Ancient history

The Jesuits and the Herbs

By Rainer Sousa

In 1553, Father José de Anchieta arrived in the Brazilian colonial space with the task of strengthening ties between the Church and the natives. In the 16th century, the so-called Order of Jesus took on the adventurous task of settling in American lands and Christianizing the Indians spread across this immense continent. In summary, this group of preachers should respond to the expansion of Protestantism in Europe with a well-organized process of conversion in the Americas.

Committed to this cause, Anchieta spared no effort to bring the two cultures closer together in the most different ways. He developed a grammar in Tupi that facilitated the learning of the language spoken by most Indians on the coast, organized plays in which biblical narratives were staged and combined religious poems with indigenous musical traditions. In doing so, the priest assumed a pioneering stance towards the indigenous people.

It is worth mentioning that such contact ended up not being restricted to the simple interest of the religious conversion of the natives. The Indians would also pass on knowledge that would greatly help the Europeans to withstand the hostilities of the environment. In this process, we highlight how the pharmacopoeia and the indigenous natural healing methods were gradually being absorbed by the population. Before that, any medication needed had to cross Atlantic waters to get here.

Among other things, Anchieta and his colleagues in the order learned the power of guarana for the treatment of dysentery and other intestinal ailments. For wounds, the application of andiroba helped in asepsis and healing. The various fevers that affected the population were mitigated with jurubeba and passion fruit. When something made breathing difficult, the smoke was strong enough to clear the patient's airways.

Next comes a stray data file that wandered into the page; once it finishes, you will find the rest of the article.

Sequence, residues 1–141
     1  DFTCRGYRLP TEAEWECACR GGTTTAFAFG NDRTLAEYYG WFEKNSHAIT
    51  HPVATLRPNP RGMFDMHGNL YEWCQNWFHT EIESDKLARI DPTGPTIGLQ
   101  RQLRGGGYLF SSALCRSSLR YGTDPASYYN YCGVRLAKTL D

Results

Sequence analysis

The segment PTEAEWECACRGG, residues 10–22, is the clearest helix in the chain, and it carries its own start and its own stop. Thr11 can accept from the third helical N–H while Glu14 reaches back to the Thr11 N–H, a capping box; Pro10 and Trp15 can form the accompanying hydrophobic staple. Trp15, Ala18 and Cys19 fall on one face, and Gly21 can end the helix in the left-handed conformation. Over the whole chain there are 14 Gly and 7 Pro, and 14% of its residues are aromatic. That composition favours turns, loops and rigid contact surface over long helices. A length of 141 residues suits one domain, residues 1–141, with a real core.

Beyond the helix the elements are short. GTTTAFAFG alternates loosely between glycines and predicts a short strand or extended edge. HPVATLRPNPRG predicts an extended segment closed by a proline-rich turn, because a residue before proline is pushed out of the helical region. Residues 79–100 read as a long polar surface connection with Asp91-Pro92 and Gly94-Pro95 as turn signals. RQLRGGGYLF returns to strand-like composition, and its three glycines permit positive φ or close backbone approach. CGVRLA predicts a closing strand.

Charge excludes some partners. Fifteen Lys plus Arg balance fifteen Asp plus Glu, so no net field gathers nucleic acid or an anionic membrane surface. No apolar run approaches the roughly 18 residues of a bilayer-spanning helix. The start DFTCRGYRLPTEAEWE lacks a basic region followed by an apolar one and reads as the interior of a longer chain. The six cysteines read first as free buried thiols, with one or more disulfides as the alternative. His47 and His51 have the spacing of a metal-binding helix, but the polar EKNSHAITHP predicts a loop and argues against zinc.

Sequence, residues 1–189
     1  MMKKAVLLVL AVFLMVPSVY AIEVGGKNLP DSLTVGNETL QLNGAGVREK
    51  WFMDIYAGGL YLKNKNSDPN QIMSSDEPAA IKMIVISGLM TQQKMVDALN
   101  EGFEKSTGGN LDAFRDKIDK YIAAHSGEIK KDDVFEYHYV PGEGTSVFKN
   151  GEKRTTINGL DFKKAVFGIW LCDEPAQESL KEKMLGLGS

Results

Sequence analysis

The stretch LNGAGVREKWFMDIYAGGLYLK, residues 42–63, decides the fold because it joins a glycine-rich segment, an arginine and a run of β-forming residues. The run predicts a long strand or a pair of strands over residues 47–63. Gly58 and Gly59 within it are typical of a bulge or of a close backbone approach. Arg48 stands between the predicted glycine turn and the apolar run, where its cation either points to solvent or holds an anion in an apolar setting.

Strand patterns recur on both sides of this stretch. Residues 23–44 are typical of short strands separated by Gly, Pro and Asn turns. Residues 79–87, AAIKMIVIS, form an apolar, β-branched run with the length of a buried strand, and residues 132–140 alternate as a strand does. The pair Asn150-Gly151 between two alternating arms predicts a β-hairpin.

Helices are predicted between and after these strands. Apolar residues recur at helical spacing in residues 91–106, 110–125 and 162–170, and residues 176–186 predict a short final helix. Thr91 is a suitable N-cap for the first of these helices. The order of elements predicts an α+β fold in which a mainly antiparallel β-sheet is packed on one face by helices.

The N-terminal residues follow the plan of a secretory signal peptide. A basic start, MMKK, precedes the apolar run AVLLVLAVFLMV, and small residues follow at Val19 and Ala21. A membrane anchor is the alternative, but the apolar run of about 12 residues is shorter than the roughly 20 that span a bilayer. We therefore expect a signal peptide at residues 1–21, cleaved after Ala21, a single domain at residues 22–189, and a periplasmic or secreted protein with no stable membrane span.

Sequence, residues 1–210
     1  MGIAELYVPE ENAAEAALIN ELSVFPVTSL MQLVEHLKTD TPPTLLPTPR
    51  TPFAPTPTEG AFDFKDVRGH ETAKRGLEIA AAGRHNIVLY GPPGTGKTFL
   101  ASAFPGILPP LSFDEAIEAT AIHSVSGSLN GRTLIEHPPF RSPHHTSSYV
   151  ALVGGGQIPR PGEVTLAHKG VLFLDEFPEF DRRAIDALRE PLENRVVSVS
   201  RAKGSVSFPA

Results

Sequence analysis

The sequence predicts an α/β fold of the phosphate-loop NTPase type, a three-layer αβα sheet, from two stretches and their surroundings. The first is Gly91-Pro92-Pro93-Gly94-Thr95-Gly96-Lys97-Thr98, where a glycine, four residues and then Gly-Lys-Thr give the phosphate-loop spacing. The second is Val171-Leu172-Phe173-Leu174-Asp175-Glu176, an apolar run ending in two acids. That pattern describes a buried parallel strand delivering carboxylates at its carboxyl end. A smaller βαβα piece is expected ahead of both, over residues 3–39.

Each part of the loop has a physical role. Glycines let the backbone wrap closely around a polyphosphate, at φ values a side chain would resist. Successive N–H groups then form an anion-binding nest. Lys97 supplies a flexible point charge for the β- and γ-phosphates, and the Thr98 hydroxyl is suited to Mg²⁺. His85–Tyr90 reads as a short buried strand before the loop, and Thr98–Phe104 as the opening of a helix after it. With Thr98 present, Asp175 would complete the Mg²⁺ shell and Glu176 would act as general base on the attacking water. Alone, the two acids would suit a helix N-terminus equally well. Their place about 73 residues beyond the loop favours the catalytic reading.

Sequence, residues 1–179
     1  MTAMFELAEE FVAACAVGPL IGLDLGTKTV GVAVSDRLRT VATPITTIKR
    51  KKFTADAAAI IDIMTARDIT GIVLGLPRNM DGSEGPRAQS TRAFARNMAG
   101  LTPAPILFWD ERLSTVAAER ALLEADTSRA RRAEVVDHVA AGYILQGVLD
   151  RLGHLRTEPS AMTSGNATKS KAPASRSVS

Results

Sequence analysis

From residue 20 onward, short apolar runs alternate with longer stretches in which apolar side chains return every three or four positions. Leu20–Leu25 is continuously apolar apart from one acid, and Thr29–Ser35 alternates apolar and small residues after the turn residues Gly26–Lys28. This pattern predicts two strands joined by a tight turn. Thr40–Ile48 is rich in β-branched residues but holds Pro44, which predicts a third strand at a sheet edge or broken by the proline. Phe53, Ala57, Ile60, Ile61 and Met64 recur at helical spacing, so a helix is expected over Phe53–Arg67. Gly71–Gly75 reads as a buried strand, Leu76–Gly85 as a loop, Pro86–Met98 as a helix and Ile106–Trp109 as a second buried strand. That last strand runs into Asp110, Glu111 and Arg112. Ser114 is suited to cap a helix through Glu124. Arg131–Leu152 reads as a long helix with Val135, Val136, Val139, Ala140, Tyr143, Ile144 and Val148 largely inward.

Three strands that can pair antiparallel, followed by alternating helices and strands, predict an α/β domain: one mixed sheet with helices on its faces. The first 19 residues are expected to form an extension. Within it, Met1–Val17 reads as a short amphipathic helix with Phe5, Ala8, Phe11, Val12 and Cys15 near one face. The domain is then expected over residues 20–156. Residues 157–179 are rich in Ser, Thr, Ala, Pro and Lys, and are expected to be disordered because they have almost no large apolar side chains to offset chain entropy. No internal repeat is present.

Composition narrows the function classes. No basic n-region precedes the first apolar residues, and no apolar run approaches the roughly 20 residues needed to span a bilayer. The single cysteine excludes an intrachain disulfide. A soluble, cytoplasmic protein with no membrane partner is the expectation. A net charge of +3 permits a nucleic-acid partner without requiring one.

Seeing so many advantages and discoveries, no one imagined the cultural differences that were accentuated by the world of healing and disease. In the view of the Indians, most physical ailments were due to the action of evil spirits. For this reason, the use of plants was routinely accompanied by the prayers and rituals of a shaman. Often, by exercising such powers among plants and spirits, the shamans were the most important religious leaders of a tribe.

To counter the religious influence of the shamans, many Jesuits used medical knowledge brought from the Old World. Every time they managed to cure an indigenous person who had been given up, the priests associated the cure achieved with the blessings coming from Christian saints and divinities. In this way, medicine and healing were used as useful instruments of conversion and weakening of the leadership of the wise shamans.

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